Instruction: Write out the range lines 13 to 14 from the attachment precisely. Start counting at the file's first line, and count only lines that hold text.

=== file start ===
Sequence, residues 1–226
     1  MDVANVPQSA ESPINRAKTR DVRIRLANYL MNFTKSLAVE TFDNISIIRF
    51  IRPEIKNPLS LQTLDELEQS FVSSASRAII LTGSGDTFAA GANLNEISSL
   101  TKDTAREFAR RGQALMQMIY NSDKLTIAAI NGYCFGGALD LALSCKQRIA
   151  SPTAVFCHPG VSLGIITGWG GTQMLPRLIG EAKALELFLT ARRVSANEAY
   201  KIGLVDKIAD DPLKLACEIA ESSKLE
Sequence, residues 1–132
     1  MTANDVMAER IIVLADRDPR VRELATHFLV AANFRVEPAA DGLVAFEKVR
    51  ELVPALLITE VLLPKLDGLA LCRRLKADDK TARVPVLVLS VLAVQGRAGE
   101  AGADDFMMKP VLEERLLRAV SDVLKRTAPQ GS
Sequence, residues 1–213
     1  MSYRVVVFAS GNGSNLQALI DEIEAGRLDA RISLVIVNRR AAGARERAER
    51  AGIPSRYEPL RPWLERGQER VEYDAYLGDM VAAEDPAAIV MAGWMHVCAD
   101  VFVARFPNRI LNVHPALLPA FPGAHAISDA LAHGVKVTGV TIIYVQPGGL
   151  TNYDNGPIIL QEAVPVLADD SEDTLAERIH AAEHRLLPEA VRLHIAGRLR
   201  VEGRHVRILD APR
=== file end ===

    51  AGIPSRYEPL RPWLERGQER VEYDAYLGDM VAAEDPAAIV MAGWMHVCAD
   101  VFVARFPNRI LNVHPALLPA FPGAHAISDA LAHGVKVTGV TIIYVQPGGL